Dr. Klaus Moosmayer is Chief Compliance Officer of Siemens and a long-standing member of IACA’s frequent visiting faculty. He is also the Chair of the B20 Cross-Thematic Group on Responsible Business Conduct and Anti-Corruption, which recently released a paper (available here) urging G20 leaders to do more to promote integrity by creating opportunities for responsible companies.
On 3 May Dr. Moosmayer will be in Berlin for the B20 summit, during which the paper’s recommendations will be presented to the German Chancellor Angela Merkel. Earlier this week he was at IACA for part of the Academy’s tailor-made seminar for senior Siemens compliance professionals, and he spoke with us about a range of corporate integrity issues.
In your introduction to the paper, you mention that the business community has seen a lot of great commitments by G20 leaders in recent years and now wants these to be implemented. What reasons do you have to be optimistic on this occasion?
Klaus Moosmayer: Momentum is often created by a specific incident. For example, the first topic we dealt with was transparency and beneficial ownership, which has been on the G20 agenda for a long time. Now it has gained momentum because the Panama Papers issue had such a great impact on politicians. They said, “Oh wow, we’ve had these G20 recommendations and agreements for years, and now we have to implement them.” And now this is happening.
The other point is that it’s important simply to keep the topics on the agenda, and that’s why we fight every year to keep anti-corruption there. Because if it’s removed from the agenda then nobody talks about it.
Given all the recent corporate scandals around the world, there will no doubt be some public cynicism towards the concept of “responsible business conduct”. What specific steps can companies take to counter such perceptions?
KM: Excellent question. First of all, businesses can learn from a scandal and subsequently set an example - take our own Siemens scandal, which happened exactly ten years ago. You need good examples that things can change.
Second, there are always these questions of perception. Do we have more misconduct, more corruption? Or do we just see more due to social media and the global village that the world has become? I think this relates closely to topics such as transparency and beneficial ownership – when you see more cases, that’s a good thing.
How do companies convince their shareholders that responsible conduct is worthwhile when competitors might be gaining an advantage from corrupt and non-compliant behaviour?
KM: First there is the personal side. You can ask a shareholder the question: Do you want to be transparent as a person? When you come home from work do you want to be able to tell your husband, wife, children, or parents what you have done today? Do you want a company in which you hold shares to have people who can act in a corrupt and non-compliant way?
The other thing is that compliance can be a competitive advantage. We see more and more laws, which we are of course advocating for, and ways of incentivizing compliance efforts - in public procurement for example. And we see more companies from jurisdictions that don’t have a good reputation for enforcing anti-corruption laws being interested in compliance topics. This is becoming more global and can become a real threat for companies that don’t see this trend.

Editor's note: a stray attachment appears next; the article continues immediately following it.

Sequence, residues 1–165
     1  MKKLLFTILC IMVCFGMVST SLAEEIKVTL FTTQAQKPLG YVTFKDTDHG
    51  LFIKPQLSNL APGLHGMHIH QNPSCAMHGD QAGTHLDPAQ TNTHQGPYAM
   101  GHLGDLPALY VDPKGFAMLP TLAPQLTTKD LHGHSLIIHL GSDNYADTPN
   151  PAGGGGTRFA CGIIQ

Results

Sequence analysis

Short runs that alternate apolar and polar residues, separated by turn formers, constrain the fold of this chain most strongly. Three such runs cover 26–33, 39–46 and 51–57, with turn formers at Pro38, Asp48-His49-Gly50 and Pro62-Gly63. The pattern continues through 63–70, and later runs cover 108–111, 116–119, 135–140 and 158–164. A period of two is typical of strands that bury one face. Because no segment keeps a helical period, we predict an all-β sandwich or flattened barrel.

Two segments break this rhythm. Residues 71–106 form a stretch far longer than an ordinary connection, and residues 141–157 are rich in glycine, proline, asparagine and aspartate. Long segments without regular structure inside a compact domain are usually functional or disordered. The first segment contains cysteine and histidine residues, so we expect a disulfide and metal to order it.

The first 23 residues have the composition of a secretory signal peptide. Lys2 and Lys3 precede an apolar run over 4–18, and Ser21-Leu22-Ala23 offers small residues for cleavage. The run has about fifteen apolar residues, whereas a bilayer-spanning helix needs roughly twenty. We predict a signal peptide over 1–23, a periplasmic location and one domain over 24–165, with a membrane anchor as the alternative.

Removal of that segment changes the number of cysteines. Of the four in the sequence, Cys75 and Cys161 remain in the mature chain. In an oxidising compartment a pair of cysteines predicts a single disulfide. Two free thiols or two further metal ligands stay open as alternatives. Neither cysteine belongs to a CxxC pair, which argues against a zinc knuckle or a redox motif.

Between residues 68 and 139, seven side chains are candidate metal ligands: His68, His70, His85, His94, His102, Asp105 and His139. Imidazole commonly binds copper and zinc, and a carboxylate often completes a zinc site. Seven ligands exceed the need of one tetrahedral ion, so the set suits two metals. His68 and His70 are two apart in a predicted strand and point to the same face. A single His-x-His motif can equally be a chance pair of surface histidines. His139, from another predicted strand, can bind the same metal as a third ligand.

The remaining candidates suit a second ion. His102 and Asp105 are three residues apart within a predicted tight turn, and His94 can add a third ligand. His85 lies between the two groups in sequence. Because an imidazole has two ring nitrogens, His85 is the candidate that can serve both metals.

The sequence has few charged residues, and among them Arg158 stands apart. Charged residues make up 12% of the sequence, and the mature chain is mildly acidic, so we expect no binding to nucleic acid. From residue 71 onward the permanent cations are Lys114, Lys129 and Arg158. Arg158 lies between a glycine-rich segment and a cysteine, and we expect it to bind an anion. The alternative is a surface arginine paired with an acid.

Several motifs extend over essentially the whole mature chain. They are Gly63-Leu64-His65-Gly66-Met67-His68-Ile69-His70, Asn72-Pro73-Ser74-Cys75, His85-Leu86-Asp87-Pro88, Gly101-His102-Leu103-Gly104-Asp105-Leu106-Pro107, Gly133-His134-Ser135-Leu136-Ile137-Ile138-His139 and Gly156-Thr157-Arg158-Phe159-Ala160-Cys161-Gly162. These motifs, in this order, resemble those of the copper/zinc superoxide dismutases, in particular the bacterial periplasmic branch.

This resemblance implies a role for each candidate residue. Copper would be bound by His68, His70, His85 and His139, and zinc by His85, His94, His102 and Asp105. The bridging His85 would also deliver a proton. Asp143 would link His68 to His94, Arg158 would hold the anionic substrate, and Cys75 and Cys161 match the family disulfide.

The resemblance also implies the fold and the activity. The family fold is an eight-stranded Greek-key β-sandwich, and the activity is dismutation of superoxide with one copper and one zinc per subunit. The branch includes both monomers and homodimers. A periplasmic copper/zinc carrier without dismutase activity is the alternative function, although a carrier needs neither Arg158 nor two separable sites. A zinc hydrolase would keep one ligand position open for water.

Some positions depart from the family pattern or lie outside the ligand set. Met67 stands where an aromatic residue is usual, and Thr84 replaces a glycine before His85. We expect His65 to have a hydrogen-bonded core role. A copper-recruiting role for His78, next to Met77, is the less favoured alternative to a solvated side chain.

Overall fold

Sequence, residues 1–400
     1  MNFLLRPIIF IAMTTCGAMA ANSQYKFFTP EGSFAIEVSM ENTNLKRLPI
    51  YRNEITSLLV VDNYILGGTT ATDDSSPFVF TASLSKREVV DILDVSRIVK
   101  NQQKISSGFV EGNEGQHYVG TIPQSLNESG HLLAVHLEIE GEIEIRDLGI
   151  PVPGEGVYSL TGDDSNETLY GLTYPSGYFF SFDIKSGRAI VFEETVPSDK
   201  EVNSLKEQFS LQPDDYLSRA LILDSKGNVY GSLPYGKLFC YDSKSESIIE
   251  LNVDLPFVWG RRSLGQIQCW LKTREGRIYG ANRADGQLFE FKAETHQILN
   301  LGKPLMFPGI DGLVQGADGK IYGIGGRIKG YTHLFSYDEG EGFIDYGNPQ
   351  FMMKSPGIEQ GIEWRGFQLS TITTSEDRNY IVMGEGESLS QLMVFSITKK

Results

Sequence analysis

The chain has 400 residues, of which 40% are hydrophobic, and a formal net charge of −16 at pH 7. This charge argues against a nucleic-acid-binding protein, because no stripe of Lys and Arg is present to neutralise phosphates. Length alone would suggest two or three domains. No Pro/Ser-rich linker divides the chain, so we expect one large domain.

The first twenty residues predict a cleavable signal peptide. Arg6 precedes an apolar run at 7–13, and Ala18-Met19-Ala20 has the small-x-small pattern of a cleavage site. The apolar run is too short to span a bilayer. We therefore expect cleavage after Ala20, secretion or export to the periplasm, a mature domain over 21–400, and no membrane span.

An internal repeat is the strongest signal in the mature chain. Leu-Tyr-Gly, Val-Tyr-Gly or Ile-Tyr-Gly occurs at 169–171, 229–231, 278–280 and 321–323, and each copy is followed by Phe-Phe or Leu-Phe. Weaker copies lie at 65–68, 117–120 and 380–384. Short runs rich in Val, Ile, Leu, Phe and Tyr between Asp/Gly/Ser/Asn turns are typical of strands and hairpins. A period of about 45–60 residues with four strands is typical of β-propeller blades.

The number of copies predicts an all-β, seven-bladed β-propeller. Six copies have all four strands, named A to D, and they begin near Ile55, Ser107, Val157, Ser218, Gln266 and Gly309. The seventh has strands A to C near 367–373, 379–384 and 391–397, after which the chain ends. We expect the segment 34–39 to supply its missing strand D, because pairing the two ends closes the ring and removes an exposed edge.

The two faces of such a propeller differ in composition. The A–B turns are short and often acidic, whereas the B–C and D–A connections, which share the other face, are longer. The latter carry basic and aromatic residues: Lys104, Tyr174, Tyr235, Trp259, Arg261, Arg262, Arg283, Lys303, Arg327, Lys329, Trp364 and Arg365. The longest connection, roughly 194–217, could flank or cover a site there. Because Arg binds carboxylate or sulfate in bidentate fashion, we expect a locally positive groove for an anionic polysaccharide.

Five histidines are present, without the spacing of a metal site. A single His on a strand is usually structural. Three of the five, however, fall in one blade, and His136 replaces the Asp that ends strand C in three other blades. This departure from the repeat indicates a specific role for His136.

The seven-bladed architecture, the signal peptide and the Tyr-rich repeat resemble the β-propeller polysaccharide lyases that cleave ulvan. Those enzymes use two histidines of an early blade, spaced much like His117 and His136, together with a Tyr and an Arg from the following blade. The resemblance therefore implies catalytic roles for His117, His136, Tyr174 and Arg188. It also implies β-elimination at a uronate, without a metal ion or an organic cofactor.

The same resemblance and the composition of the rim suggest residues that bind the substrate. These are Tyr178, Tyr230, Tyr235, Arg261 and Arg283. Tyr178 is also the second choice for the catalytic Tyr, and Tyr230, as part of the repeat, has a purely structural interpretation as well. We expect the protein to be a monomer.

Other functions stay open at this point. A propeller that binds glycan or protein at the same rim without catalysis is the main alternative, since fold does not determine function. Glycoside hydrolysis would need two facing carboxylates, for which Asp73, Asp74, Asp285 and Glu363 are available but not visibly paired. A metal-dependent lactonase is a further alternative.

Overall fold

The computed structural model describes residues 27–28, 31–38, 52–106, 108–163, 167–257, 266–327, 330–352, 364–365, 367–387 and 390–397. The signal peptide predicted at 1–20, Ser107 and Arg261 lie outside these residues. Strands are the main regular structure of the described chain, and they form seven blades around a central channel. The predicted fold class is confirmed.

Do we attach too much importance to the “tone at the top” for creating and reinforcing ethical cultures within large organizations? Isn’t the “mood in the middle” more important?
KM: Absolutely. Look, don’t get me wrong: if the tone from the top is not there then you’re lost anyway. But the guys on the front line – the purchasing manager, the sales head, and so on – have a huge impact. These middle managers are where young employees are directed to on their first working day. And these employees have questions: “I have a problem - what I should do? Should I speak up or find a solution by myself?” The mood in the middle is crucial for success and sustainable compliance. It’s an ongoing educational effort and fight.
What would you say are the key elements of effective education and training to promote corporate integrity?
KM: Not what they were ten years ago, when you did a training with 25 PowerPoint slides and nothing else. The young generation, including in my own family, learn in a different way - via social media and using games, for example. At Siemens we’re now using compliance games as one way to educate our people. There are so many possibilities to read things, but how will we ensure that people read them?
So I think there has been a huge shift. At the same time, face-to-face contact and learning still matters. Take IACA’s Summer Academy - if you ask the participants afterwards, they say they’ll never forget the in-person meetings and exchanges they had during the programme.
What do you think will be the two or three biggest anti-corruption and compliance challenges for businesses worldwide over the next couple of years?
KM: Corruption schemes are becoming much more sophisticated. They might be disguised as a very nice corporate social responsibility project, a sponsoring deal, or an offset agreement. This all looks like it’s legitimate and good business too. So we have to ask who is really benefiting from this. That’s why the beneficial ownership topic is so important. You always have to try to be a step ahead.
The other topic we still need to address, one in which IACA could play a crucial role, is better collaboration between the public and private sectors. There is progress at the OECD and at the G20 and B20, but it is still like “you are here and we are here and we live in different worlds”. And I understand this. Independence is of course important, but we are ultimately facing the same issue. That is a really difficult topic we have to work on.